It happened again this morning. This time I was there, I saw the destruction. In a way, I feel somehow responsible; perhaps this is what they call survivor guilt.
It was a normal day, a routine morning filled with commuters on the streets, in their cars, on the trains. I was about a block away, coming out of the Quick Stop with tonight's dinner. None of us saw it coming.
I read the description in the newspapers without actually reading it. The black and white words don't do the calamity justice. The journalists make it seem so...ugly.
The explosion was the biggest this month. It started at the Cafe De'Nario on 7th, but blossomed out to envelop the shoe store and gift shop to either side. The invisible wave of concussion swept into the street, shoving cars and pedestrians away, breaking windows for a mile in every direction. It shattered the el-track running over the buildings across the street. And just as the train was coming.
Then the flames followed an instant later, incinerating what was left of the three shops at the center and licking at the train just as it careened into the chaos, crushing the stores below and breaking apart. The cars disconnected, clattering to the pavement, terrified and dying passengers spilling into the awaiting flames and shattered glass.
It was one of the most beautiful displays I've ever seen.
I'm not a monster. I find the deaths...regretful. But they should've been more careful in this day and age. It's the explosion itself I admire, that carefully crafted flowering of light and fire.
The emergency 'bots showed up as quickly as always, flyers swooping in to grab the survivors and transport them to the hospitals as large, tracked 'bots rumbled in to begin fighting the fires and settling debris. The 'bots converged from all across the city to deal with the crisis, cordoning off the area and starting the clean up less than five minutes after the explosion.
I was hustled off by some of the brusque robots, just before the second bomb went off. The papers say over 80% of the REF was demolished. The city says it won't be back up for weeks. Until then, the police and other less-efficient forces will handle these disasters.
I scoff at the thought of humans fighting fires. The whole idea is obviously just a PR stunt to calm the panicky citizenry.
I focus on the next paragraph of the story. As yet no one had claimed responsibility for the bombing, it said, but officials suspect the VFF. Formerly the planetary militia, General Hargrove and a battalion of his troops decided that the government here was too corrupt to continue and rose up against it. For about a week they controlled the planet, and all of that corruption was exposed. It turned out that the General was a very observant fellow. Most of the Council was arrested, along with a number of bureaucratic officials and the chief of police. Our own miniature Inquisition. Then the Earth Army arrived and more or less obliterated the resistance. For the past six years the Vega Freedom Force has been little more than a group of misguided punks led by a few of the former militia officers. Occasionally they firebomb an Army convoy or attack a bunker, but overall they're pretty useless. Of course, the old administration promptly moved back in and used the rebellion as an excuse to tighten security. There hasn't been an election since.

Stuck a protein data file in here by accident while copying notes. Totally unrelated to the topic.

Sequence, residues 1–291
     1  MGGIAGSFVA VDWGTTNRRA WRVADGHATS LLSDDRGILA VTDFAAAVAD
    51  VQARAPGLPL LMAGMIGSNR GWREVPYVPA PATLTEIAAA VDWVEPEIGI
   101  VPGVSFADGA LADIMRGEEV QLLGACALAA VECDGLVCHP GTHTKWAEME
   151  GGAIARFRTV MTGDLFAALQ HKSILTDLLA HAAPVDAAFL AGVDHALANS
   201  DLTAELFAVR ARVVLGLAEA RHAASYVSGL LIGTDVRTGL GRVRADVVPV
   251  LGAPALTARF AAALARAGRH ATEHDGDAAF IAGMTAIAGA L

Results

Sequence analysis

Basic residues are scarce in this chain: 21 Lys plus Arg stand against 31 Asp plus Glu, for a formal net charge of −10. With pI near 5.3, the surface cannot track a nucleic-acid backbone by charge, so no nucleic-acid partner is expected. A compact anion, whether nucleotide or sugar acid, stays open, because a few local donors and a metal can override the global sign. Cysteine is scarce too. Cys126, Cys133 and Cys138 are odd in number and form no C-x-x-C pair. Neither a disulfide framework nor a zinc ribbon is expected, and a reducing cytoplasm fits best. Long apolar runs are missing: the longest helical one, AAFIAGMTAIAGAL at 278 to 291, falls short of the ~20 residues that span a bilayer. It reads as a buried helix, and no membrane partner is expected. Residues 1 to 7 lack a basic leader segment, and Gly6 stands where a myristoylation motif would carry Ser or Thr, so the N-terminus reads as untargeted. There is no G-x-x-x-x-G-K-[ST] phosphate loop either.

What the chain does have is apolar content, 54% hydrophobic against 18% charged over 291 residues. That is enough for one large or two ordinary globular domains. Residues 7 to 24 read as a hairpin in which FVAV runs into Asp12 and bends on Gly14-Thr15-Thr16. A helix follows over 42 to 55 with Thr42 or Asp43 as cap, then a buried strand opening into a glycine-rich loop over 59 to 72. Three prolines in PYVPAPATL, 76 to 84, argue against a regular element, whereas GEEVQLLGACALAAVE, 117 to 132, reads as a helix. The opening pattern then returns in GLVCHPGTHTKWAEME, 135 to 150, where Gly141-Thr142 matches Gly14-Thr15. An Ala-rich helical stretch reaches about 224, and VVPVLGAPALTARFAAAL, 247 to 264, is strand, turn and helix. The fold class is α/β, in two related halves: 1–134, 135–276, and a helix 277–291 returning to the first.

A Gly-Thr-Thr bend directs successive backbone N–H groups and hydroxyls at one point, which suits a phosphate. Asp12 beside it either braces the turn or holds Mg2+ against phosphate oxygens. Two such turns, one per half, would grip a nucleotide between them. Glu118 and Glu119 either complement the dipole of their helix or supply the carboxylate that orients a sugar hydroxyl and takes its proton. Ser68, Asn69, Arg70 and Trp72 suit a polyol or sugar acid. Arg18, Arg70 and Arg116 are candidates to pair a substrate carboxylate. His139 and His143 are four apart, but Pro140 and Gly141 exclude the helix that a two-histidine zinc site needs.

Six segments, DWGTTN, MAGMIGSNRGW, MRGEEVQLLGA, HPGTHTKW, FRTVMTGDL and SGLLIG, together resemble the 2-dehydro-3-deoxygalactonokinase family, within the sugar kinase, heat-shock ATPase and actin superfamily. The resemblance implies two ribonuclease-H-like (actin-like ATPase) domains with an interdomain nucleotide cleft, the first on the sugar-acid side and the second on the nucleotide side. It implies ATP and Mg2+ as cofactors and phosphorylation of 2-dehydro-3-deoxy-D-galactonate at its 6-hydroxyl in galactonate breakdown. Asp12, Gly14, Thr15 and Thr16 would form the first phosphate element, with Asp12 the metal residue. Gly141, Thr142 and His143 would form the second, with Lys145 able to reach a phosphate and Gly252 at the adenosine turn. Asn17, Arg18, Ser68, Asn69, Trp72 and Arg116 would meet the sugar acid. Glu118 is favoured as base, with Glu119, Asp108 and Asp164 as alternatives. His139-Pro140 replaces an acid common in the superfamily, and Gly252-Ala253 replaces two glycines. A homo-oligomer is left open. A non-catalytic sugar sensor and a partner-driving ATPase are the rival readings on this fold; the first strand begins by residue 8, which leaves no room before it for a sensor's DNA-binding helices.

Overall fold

I stare at the line, furious. Those fools couldn't build a bomb if I personally showed them how. I know because I had tried, a couple years ago. They almost shot me on the spot when I suggested bombing the city. "Freedom Fighters," pfah! That mismatched group of morons isn't going to free a hair on their asses before the Army catches up with them.
I lay the paper down on my large wooden table, filling in the gap. Now the surface of the table is covered completely with newspaper. I don't want to scratch that polished surface.
I grab the open panel of exposed wires and circuits from the chair beside me and lay it over the photo of the wreckage of 7th street. I scoop up the tools and set to work, carefully manipulating the fine surfaces and thin microfilaments. Very few people realize that making a bomb is just as incredible and soul-filled as any painting. Except a bomb actually does something, and has the potential for evolving into something greater.
The phone rings. I flip the magnifying glass attached to my helmet down over my left eye and peer at the circuit. The phone rings. Without looking I grasp the micro-tool from my breast pocket and carefully insert it between the tiny sides of the circuit. The phone rings again, seeming to grow as agitated as the caller undoubtedly is.
I ignore it. I already know it will just be those fools complaining that the bomb only got 80% and not 100% of the robots. Like I'm infallible or something.
I continue to work until 3 a.m. The phone rings most of that time. Finally, as I slide the plastic cover in place with that always satisfying click, the phone goes quiet. Fools.
I pull my helmet off and gaze at my newest work. It's about the same size as the one presently buried under the toy store at the mall, but with a much greater yield. I pick up the phone and hit their number. It picks up immediately.
"Where the fuck you been, man? We've been callin' all night!"
"Shut up, Reever," I say irritably. "Give me Aldin."
I hear cursing in the background as the phone changes hands.
"You said it would take out the 'bots, Bomber Man," Aldin's deep voice intones threateningly.
"It did," I snap, "80% is more than enough. You can read the paper, or at least I assume you can. The Force is out for weeks."
"Yeah, well..." Aldin pauses. "You got another one for us?"